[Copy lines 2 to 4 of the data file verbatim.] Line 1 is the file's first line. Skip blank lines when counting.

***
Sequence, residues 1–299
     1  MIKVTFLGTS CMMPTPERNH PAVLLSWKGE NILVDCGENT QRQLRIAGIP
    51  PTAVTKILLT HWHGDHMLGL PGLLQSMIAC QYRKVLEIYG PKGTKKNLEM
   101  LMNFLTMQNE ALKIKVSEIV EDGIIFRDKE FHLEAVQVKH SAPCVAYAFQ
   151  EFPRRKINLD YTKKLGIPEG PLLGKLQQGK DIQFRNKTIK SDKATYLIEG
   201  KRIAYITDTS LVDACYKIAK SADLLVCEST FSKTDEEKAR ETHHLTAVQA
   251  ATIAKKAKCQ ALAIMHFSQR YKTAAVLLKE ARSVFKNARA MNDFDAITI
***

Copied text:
     1  MIKVTFLGTS CMMPTPERNH PAVLLSWKGE NILVDCGENT QRQLRIAGIP
    51  PTAVTKILLT HWHGDHMLGL PGLLQSMIAC QYRKVLEIYG PKGTKKNLEM
   101  LMNFLTMQNE ALKIKVSEIV EDGIIFRDKE FHLEAVQVKH SAPCVAYAFQ